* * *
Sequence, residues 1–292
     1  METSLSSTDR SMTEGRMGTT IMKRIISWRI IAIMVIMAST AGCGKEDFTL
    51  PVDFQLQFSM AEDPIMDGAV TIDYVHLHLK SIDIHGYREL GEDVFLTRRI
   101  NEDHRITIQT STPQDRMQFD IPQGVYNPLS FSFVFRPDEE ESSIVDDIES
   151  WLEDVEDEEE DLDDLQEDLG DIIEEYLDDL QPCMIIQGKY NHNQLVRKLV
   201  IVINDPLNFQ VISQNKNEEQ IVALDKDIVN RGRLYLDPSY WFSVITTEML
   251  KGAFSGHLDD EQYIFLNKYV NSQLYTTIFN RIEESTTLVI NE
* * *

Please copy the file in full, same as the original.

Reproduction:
Sequence, residues 1–292
     1  METSLSSTDR SMTEGRMGTT IMKRIISWRI IAIMVIMAST AGCGKEDFTL
    51  PVDFQLQFSM AEDPIMDGAV TIDYVHLHLK SIDIHGYREL GEDVFLTRRI
   101  NEDHRITIQT STPQDRMQFD IPQGVYNPLS FSFVFRPDEE ESSIVDDIES
   151  WLEDVEDEEE DLDDLQEDLG DIIEEYLDDL QPCMIIQGKY NHNQLVRKLV
   201  IVINDPLNFQ VISQNKNEEQ IVALDKDIVN RGRLYLDPSY WFSVITTEML
   251  KGAFSGHLDD EQYIFLNKYV NSQLYTTIFN RIEESTTLVI NE